Христо Блажев
Окупирай настоящето в името на бъдното: http://knigolandia.info/book-review/o...
От трибуната на своята репутация Чомски сипе огън и жупел връз политическата класа, нагласените избори, изчезващата демокрация, разпалването на консумеризма, на оглупяващия стремеж към забавления и всички други добре познати недостатъци на САЩ. На няколко места той все пак признава, че американците като цяло са далеч по-добре от повечето страни в света, но утвърждава някакво хипотетично щастливо състояние, което може...more
So stimulative, although very short. Largely focused on the Occupy movement in the US, but is applicable to ones in else where or any other grass-root activities. Made me think of how I could take an active role to change system in my home country that is equally depressed -- and the world ultimately. Also I got to be wanting to know more about current affairs worldwide.
Katie Mcsweeney
Question and answer format - need I day more??
Well I will; the questions are good and Chomsky has one of those great minds that produce insightful musings with apparent ease. The Q&A format isn't conducive to trandmitsing Chomsky's genius.
One question, which I liked, was on Gramsci and how valuable Chomsky finds his ideas. The answer was a glib paragraph where Chomsky basically said, - "he's good, I like him, he didn't really say anything new but read him for yourself"(not a direct quote but...more
Karlo Mikhail
great discussion on the potentials of the occupy movement. but some of parts on the political economy of the roots of the present crisis (i.e. everything was okay until neoliberal assault 30 years ago) misses its mark
Fred Kohn
Noam Chomsky is one of those brilliant thinkers whom everybody agrees is important and almost nobody reads. I think his analysis of the problem is accurate, but two years after this book was published, it is obvious his hopes for the Occupy Wall Street movement were wildly optimistic. I don't regret reading this book, however. For one thing, there is a moving tribute to Howard Zinn, and I am reminded that I still need to read People's History of the United States.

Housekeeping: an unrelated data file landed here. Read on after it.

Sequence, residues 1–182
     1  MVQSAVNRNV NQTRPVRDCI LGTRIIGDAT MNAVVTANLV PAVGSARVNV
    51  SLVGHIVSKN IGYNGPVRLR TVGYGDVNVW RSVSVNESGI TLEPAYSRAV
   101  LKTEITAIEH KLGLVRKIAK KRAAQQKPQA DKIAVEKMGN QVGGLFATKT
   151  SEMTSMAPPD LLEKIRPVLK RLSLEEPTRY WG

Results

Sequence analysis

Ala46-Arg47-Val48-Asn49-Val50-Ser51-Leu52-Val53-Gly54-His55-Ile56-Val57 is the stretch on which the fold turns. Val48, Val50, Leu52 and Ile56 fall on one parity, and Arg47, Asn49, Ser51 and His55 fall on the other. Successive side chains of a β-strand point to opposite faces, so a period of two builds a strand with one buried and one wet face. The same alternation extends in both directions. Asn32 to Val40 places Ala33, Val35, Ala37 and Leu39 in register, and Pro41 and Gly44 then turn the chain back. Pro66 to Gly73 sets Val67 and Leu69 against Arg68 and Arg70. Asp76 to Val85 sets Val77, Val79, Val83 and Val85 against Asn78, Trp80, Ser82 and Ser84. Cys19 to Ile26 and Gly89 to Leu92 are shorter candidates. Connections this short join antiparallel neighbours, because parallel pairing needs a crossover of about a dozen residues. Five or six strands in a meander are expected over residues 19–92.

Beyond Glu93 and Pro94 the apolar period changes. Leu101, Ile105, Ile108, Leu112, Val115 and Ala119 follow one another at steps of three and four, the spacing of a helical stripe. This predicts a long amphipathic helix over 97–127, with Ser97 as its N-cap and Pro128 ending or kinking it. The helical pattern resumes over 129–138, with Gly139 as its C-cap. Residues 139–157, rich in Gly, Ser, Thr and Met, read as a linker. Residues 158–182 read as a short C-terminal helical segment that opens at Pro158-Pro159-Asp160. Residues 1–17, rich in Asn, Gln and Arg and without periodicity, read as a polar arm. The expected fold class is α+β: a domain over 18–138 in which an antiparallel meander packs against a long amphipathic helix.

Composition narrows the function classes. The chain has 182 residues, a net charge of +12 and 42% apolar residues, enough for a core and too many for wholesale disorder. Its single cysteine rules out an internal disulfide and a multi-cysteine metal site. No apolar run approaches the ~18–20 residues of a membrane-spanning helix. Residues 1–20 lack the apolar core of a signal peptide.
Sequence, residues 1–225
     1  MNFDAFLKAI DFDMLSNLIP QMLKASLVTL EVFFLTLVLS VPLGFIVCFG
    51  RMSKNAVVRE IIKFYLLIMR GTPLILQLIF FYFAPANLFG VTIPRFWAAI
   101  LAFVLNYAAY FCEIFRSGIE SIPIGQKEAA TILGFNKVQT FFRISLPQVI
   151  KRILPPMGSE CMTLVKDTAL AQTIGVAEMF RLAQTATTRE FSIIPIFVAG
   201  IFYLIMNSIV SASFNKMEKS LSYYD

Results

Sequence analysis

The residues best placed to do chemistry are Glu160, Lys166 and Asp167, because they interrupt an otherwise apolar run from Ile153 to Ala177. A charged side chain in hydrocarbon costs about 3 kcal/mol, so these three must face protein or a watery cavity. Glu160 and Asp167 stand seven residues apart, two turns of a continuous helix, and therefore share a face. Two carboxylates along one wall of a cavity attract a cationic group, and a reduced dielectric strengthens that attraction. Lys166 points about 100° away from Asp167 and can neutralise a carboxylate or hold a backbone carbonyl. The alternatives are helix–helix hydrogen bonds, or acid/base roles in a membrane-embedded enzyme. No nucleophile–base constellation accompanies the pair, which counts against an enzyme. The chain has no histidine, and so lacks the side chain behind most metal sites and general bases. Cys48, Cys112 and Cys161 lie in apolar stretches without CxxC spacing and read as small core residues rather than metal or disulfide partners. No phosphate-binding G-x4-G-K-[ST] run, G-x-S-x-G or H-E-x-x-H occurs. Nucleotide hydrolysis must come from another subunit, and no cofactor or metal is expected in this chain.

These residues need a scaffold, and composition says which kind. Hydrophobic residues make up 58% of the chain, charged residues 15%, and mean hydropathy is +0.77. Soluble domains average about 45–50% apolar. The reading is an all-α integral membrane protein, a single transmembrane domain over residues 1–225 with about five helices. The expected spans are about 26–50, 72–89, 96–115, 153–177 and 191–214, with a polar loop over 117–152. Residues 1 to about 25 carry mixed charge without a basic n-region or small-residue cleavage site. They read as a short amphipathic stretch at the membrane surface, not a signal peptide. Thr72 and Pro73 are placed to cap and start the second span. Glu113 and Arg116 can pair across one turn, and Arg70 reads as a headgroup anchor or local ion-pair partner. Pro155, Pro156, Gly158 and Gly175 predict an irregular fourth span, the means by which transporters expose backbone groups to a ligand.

Terry Clague
"Occupy is the first major public response to thirty years of class war" says Noam Chomsky and there's some thought-provoking stuff in this pamphlet which transcribes a few talks and interviews he's given on the subject. For such a short book, you could do without the repetition and I'd pay significant amounts of money to read a proper new Chomsky book though that seems unlikely now if this spot of email bragging is anything to go by.
Michael Palkowski
Very quick read covering Chomsky's speeches and interviews around the occupy movement. A critique that is clear within any book writing on a movement still in progress, still 'becoming' is the immediate obsolescence it gains months, hours, minutes later. 'Occupy' ostensibly has lost a lot of momentum but it has ventured into other areas of community organization and mobilization in ruptured centrifugal collectives. "Occupy Sandy" is a fantastic example whereby volunteers got together to help vic...more
Apr 29, 2012 Stephen rated it 5 of 5 stars